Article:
Jamie Oliver’s flagship London restaurant is cleared out by bailiffs

Bailiffs remove tables, chairs and cooking equipment from Jamie Oliver’s flagship London restaurant a week after his empire collapsed and put 1,300 jobs at risk

  • Bailiffs have been clearing out the flagship Jamie’s Italian restaurant near Piccadilly Circus this morning
  • The site is one of 22 of his 25 locations to close immediately following the business entering administration
  • Oliver’s chain has debts of £71.5million and valuable assets are being removed to help cover the costs
  • It took the team of bailiffs four hours to clear site of tables, chairs, kitchen equipment and even a scooter 

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Jamie Oliver’s flagship London Italian restaurant has been cleared out by bailiffs today after the business went into administration.

The celebrity chef’s beleaguered chain Jamie’s Italian has debts of £71.5million and workers were seen today removing valuables from the eatery near Piccadilly Circus.

Bailiffs were seen loading tables and chairs into a lorry outside the restaurant, which opened in 2014, with furniture piled up inside the vehicle. 

The administration has put 1,300 jobs at risk and Oliver was forced to close 22 of his 25 sites immediately. 

The 43-year-old, who has netted £240 million during 20 years in the public eye, said he was ‘devastated’ and ‘deeply saddened by the outcome’ in a statement.

He thanked staff and suppliers, adding: ‘I appreciate how difficult this is for everyone affected. It’s been a real pleasure serving you.’ 

But many of his staff were left upset after turning up for their shifts only to find restaurants were shut, with notices left on doors and windows.  

It took the team of bailiffs four hours to clear the site of valuable assets, with kitchen equipment, machinery and even an orange scooter among the items removed.  

Jamie Oliver’s flagship Jamie’s Italian restaurant near Piccadilly Circus has been cleared out by bailiffs today, pictured

Among the assorted items taken away from the central London restaurant was an orange scooter, pictured right

Among the assorted items taken away from the central London restaurant was an orange scooter, pictured right

Bailiffs wearing reflective jackets were seen carefully loading various pieces of furniture and cooking equipment, including this chopping board, pictured, into a lorry

Bailiffs wearing reflective jackets were seen carefully loading various pieces of furniture and cooking equipment, including this chopping board, pictured, into a lorry

Other workers teamed up to carry heavy pieces of kitchen machinery, pictured, out of the London eatery and into the vehicle

Other workers teamed up to carry heavy pieces of kitchen machinery, pictured, out of the London eatery and into the vehicle

The crumbling chain was also beset by a tide of poor reviews, including from restaurant critic Marina O’Loughlin who in 2018 said she would have to be ‘paid to go back’ to his restaurant in Westfield London.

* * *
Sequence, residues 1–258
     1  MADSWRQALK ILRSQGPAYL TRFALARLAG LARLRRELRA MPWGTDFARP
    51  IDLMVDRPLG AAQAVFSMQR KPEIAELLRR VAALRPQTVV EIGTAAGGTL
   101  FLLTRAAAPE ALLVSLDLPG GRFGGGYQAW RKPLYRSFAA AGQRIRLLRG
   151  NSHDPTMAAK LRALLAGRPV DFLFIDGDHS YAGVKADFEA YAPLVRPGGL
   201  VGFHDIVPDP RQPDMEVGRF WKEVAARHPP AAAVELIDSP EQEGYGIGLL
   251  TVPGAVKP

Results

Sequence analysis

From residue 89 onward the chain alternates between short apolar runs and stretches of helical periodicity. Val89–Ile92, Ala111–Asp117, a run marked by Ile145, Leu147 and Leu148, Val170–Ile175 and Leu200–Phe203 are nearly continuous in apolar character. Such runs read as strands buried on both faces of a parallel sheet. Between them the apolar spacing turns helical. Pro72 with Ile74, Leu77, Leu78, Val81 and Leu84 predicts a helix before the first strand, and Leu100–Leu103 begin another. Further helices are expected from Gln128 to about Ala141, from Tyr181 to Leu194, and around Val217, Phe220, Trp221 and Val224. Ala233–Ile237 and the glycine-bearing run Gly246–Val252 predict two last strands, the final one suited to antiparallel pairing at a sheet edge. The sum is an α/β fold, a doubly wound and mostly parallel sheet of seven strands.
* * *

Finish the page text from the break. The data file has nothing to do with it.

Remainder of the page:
The chef himself previously blamed his empire’s parlous state on Brexit, which he said was among the factors which caused a ‘perfect storm’, as well as rental costs, local government rates and the increase in the minimum wage. 

In 2017 the father-of-five, who lives in a £6million 16th century Essex mansion, ploughed £12.7million of his own money into his struggling business after being given two hours to save the chain.  

According to Companies House, Jamie Oliver Holdings Ltd – the umbrella company under which he runs his myriad businesses – turned over £32 million last year – a staggering £87,670 a day. 

But Jamie’s Italian was on the brink of collapse two years ago with the chef revealing in an interview it had ‘simply run out of cash’ and run up millions in debt.

Oliver has built his vast fortune on TV and publishing deals, restaurant chains and product endorsement — both in the UK and Australia, where he fronts nutrition adverts for a supermarket. 

Meanwhile it was revealed last weekend that fellow celebrity chef Gordon Ramsay had tried to help Oliver during his time of need.

The warring pair have long traded public insults – but Ramsay insisted it was all in good faith in the name of ‘banter’, and Oliver even added it was ‘good for PR’.

But they have since put aside their differences after Ramsay offered Oliver an olive branch. 

Ramsay told the Mail On Sunday’s Event Magazine it was ‘appalling to see Jamie worry’ so he ‘reached out’ – but their collaboration was not enough to save the Oliver restaurants from collapse last week.

The restaurant, pictured, opened in 2014 and it took the team of bailiffs four hours to clear it of valuable assets

The restaurant, pictured, opened in 2014 and it took the team of bailiffs four hours to clear it of valuable assets

The flagship branch near Piccadilly Circus, pictured, is one of 22 that have immediately closed following the administration

A bailiff pictured with a lorry filled with wooden tables and chairs from the Jamie's Italian branch

So far 22 of the 25 UK Jamie’s Italian restaurants have closed, including the flagship London branch, right, and around 1,300 jobs are at risk due to the administration. Pictured right is a lorry filled with wooden chairs and tables from the site

Some of Oliver's cookbooks, pictured, could still be seen in the windows of the restaurant as bailiffs arrived today

Some of Oliver’s cookbooks, pictured, could still be seen in the windows of the restaurant as bailiffs arrived today

 

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